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The company will use the funding to expand geographically and to deliver further automation
While tech has seemingly permeated all aspects of our lives, there are still some industries that haven't quite made the transition. Trucking, for example, was pulled into this century thanks to the ELD mandate, after spending decades still using paper and pencil. Likewise, the insurance industry has resisted the urge to automate, but that is finally changing.
The insurance industry also represents a big opportunity, given how multi-faceted it is, and all the different areas that a company can attempt to automate; take, for example, Limelight Health, which focuses on automating the employee benefits industry.
The company offers medical and ancillary carriers services such as quoting, rating, proposal generation, renewals, underwriting and enrollment support. The goal is to shorten sales cycles and improve turnaround times for carriers.
"The first thing that anyone ever needs when they start a business is insurance. Often, the next thing they say after they need insurance is, ‘I worked for HP or Google or Facebook for years and they paid for my insurance and this stuff is expensive.’ Or,’ I didn’t know it was this much work to put all this stuff together.’ Usually it’s really manual, this process is horrible," Jason Andrew, CEO and co-founder of Limelight Health, told me in an interview.
"One of the things that frustrated me is that it is a really, really bad process. We started Limelight to do our part to make it a better experience, everything from how you select plans to how you make better decisions. If you look at MetLife annual survey around employee benefits, it's 2018 and still 70 percent of Americans don’t understand what a deductible is. Stuff like that, this financial literacy, we want to do our part to help make a dent, whether it’s in helping costs come down or just making a better experience."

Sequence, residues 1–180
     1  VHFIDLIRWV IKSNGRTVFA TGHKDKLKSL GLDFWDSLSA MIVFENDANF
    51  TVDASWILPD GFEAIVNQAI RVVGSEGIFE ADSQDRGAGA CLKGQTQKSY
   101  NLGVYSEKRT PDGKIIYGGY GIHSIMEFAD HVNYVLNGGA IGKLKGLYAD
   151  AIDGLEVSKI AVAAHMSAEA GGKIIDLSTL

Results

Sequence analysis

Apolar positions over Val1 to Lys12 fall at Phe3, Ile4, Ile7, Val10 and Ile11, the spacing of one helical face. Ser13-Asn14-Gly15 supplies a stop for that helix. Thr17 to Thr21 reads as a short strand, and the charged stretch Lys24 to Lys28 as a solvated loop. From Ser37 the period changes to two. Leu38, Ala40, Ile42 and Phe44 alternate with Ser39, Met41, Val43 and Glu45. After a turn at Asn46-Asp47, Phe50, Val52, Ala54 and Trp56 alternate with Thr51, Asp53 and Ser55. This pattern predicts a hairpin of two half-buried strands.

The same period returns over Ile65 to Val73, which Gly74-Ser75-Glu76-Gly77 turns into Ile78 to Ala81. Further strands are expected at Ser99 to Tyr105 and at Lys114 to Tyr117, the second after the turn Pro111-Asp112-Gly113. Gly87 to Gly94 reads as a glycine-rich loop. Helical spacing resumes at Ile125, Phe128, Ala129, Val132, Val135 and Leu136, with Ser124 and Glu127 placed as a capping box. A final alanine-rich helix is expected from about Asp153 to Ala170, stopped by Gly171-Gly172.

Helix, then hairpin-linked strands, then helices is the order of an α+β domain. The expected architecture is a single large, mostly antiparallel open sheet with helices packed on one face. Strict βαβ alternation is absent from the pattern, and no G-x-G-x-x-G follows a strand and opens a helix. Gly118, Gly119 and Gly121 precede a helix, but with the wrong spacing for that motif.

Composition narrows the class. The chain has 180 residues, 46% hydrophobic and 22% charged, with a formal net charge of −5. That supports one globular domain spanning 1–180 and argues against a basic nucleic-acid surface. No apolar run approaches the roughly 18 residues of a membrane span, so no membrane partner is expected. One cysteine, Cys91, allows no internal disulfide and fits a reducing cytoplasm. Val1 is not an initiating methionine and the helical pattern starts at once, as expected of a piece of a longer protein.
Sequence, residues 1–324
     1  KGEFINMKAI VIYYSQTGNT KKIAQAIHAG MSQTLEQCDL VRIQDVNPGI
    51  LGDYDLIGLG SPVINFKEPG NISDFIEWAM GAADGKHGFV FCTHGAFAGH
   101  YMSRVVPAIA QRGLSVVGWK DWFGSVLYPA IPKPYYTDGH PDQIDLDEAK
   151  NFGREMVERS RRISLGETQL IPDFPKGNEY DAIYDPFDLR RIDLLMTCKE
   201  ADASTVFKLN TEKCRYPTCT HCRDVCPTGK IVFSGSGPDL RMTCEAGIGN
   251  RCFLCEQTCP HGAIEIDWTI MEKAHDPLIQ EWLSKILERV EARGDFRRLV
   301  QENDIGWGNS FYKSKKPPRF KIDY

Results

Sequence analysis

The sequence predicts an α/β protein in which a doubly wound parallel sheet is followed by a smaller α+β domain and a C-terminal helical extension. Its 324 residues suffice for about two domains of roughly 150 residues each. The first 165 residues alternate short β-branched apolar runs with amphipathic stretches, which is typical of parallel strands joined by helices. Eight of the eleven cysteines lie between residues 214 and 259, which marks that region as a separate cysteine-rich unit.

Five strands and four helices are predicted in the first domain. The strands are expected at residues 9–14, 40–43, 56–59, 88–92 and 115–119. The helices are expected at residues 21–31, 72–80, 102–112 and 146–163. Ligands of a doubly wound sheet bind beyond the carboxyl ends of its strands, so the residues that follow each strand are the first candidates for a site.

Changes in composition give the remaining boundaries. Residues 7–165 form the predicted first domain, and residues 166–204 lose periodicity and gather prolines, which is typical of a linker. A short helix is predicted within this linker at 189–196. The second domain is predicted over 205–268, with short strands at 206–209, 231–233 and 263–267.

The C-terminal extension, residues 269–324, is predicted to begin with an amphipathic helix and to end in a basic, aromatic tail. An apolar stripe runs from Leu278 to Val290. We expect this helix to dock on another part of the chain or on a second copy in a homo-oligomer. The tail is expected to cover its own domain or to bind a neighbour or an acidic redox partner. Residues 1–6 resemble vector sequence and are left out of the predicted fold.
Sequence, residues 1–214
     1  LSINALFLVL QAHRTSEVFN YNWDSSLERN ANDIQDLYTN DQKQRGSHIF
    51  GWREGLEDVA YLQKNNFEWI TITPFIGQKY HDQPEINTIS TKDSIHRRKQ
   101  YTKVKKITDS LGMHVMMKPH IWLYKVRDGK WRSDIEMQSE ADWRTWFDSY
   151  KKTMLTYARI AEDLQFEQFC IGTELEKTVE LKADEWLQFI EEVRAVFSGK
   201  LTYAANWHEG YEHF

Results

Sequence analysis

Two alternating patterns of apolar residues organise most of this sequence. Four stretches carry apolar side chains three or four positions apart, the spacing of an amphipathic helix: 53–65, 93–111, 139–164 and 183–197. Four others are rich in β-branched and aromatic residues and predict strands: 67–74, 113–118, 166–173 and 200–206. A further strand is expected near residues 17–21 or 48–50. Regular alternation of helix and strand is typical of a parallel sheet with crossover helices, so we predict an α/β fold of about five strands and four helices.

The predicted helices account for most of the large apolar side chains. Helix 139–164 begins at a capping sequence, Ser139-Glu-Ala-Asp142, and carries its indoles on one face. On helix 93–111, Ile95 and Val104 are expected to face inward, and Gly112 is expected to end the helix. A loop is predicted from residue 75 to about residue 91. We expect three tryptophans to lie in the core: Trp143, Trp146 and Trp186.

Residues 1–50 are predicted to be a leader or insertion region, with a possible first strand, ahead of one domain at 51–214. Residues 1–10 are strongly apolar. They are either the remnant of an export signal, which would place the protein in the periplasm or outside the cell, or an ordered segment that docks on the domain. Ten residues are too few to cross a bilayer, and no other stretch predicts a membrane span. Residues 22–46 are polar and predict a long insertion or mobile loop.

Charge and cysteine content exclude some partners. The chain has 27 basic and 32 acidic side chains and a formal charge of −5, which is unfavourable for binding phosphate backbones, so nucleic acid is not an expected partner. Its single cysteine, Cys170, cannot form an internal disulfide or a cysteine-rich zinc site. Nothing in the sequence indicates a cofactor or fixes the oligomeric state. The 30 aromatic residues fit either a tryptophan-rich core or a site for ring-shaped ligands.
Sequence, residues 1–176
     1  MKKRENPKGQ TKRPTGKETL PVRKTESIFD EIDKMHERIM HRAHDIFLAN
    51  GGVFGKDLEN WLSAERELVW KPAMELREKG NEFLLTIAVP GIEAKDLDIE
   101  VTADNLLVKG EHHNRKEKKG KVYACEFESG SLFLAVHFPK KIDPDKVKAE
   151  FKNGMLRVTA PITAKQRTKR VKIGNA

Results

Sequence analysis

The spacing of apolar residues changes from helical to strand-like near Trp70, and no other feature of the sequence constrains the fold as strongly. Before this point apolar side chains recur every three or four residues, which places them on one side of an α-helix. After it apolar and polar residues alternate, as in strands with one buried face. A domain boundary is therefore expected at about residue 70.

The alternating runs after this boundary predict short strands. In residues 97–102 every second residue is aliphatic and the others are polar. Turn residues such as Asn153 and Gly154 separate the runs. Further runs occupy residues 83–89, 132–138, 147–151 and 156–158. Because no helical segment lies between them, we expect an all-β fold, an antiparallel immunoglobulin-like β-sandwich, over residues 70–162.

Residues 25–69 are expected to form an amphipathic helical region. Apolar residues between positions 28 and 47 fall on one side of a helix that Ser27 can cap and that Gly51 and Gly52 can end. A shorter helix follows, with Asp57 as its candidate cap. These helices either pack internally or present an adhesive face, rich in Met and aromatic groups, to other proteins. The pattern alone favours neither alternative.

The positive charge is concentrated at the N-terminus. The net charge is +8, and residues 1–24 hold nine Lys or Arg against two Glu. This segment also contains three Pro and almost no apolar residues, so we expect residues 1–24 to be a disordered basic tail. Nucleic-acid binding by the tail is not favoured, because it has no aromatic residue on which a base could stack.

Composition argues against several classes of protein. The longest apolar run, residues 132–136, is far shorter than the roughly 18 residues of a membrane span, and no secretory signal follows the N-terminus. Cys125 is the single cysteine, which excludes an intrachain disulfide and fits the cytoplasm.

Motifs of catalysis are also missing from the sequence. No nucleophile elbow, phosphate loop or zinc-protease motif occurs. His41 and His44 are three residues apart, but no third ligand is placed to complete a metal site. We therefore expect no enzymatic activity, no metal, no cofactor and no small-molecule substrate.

On Thursday, Limelight announced that it raised $33.5 million in Series C funding. The round was led by Principal Life, with participation from AXA Venture Partners, MassMutual Ventures, Aflac Ventures, Transamerica Ventures, Wells Fargo Strategic Capital, LaunchPad Digital Health, and Wanxiang America Healthcare Investments. This brings the company's total funding to roughly $45 million.
The end user for Limelight are the employees of a carrier, or the brokers they’re selling to, not the end user, though, by making their experience better, he does expect the benefit to be felt by the consumer.
"Ultimately, we think that if we can get this right, we will then be able to provide the employer and the employees with access which will help them make better decisions. Ultimately, 80 percent of all businesses have an adviser or broker and I don’t think they’re going to go anywhere, particularly in this industry, so if we can help them make better decisions, along with the underwriters who are pricing these products, and get better products out on the market, I think that ultimately will benefit the employers and employees who are the actual consumers of these products," he said.